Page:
When your hockey club misses the playoffs for a third straight season by such a narrow margin, it’s natural to take a look at what your club’s weaknesses have been and to try to address them. The easy things to look at are the areas measured in percentages – face-offs and special teams.
To be blunt, there is great room for improvements in the face-off dot and some smaller room for improvement on special teams. In fact, a small improvement by the club’s centres would’ve probably gotten the Flames into the playoffs last season.
Calgary missed the playoffs by five points in the 2011-12 season. They boasted the league’s worst record in the face-off circle, with an abysmal 46.2 winning percentage. The 29th best team, New Jersey, won just 47.1 percent of their draws but were a lot better than Calgary. The Flames also boasted the league’s 13th best power-play (scoring in 17.7 percent of their advantages) and the 9th best penalty kill (killing 84.3 percent of opponent advantages).
EVEN STRENGTH PAIN
Now, these numbers are connected in a couple ways. First-off, the Flames were out-scored at even-strength to the tune of 17 goals. This corresponds with a wide swath of data that says that Calgary was usually out-shot and over-matched at even strength. Add in that only two players won more than half of their draws at even-strength (Jarome Iginla and Matt Stajan) and you can probably figure out that the Flames weren’t happy with their performance.
At least Iginla was usually beating the other team’s better players in the face-off dot, although the departed Olli Jokinen took more draws against the team’s best players, and typically lost them.
SPECIAL TEAMS SUCCESS
Despite all of this, the Flames still managed to put together a winning record. A lot of the credit for this can be attributed to the performance of their special teams. More specifically, the Flames penalty kill was, at times, excellent and the power-play was statistically mediocre, but still good enough to win a few games.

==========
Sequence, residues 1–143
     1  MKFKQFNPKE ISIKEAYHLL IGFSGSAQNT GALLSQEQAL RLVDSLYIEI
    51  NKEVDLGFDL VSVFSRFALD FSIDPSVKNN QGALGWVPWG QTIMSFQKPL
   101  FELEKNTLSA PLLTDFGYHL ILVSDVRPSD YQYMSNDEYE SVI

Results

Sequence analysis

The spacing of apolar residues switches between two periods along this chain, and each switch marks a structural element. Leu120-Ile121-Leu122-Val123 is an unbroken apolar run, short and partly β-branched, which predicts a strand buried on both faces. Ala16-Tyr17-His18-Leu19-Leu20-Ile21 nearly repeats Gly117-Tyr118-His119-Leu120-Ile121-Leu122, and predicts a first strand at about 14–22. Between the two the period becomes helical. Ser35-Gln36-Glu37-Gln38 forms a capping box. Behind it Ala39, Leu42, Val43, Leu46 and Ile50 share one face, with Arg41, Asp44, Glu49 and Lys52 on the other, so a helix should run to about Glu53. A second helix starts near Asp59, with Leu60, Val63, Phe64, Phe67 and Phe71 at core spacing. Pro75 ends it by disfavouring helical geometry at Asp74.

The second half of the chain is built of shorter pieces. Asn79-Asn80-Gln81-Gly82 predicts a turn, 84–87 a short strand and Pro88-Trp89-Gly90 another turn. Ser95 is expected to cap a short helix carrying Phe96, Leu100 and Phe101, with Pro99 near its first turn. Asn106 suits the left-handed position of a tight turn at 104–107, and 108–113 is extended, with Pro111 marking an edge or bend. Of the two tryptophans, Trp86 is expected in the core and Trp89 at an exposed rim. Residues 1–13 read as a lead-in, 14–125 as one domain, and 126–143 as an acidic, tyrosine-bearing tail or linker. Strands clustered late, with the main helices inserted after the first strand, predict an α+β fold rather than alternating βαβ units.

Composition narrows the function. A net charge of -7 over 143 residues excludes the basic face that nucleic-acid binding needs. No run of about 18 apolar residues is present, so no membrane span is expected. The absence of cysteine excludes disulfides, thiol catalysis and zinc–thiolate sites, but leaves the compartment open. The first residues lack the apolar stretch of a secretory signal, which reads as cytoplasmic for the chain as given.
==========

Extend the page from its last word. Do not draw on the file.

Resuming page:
The PP’s mediocrity can be seen in a more impressive light when one considers that only one regular player won more than half of their face-offs – Mike Cammalleri. Outside of Cammalleri, the team’s regular draw-takers with the man advantage (Iginla and Jokinen) usually lost and the team had to flee the zone and re-group. (For the record, none of Calgary’s penalty-killing centres averaged a face-off percentage above 50 percent, yet the group managed to be very effective.)
THE DEVIL IS IN THE DETAILS
The importance of the power-play and winning face-offs can be seen in one important area – one-goal games. The Flames posted a 19-5-16 record in one-goal games last season, finishing in the bottom third of the league in that category for the third straight season. A very small improvement in face-offs across the board – perhaps moving the Flames from being statistically horrible in the dot to being merely bad – would equate with potentially critical goals on the power-play or the reduction of goals at even-strength. Five or six key goals scored (or goals prevented) in the team’s one-goal games could have put the team in the playoffs. As it stands, the team’s massive under-performance in winning key draws was the most obvious thing keeping them from the post-season.
IS THERE REASON TO BE HOPEFUL?
Looking at the remaining (or expected) centres for the Flames next season, it’s a bit of a mixed bag. The team has parted ways with Olli Jokinen, who both took the lion’s share of the team’s key face-offs…and lost most of them, unfortunately.
The remaining hold-overs from last season include Matt Stajan (51.8 percent), Mike Cammalleri (45.6 percent), Mikael Backlund (45.4 percent) and Blair Jones (42.4 percent). For what it’s worth, Cammalleri and Backlund were usually playing against the opponent’s first and second lines. The wild-card could be newcomer Roman Cervenka, who played all forward positions in the KHL and won about half of his draws over the past two years.
In short – it doesn’t look like much improvement should be expected from the Flames in the face-off circle next season. As such, don’t be surprised if the club continues to let points slip away in crucial one-goal games.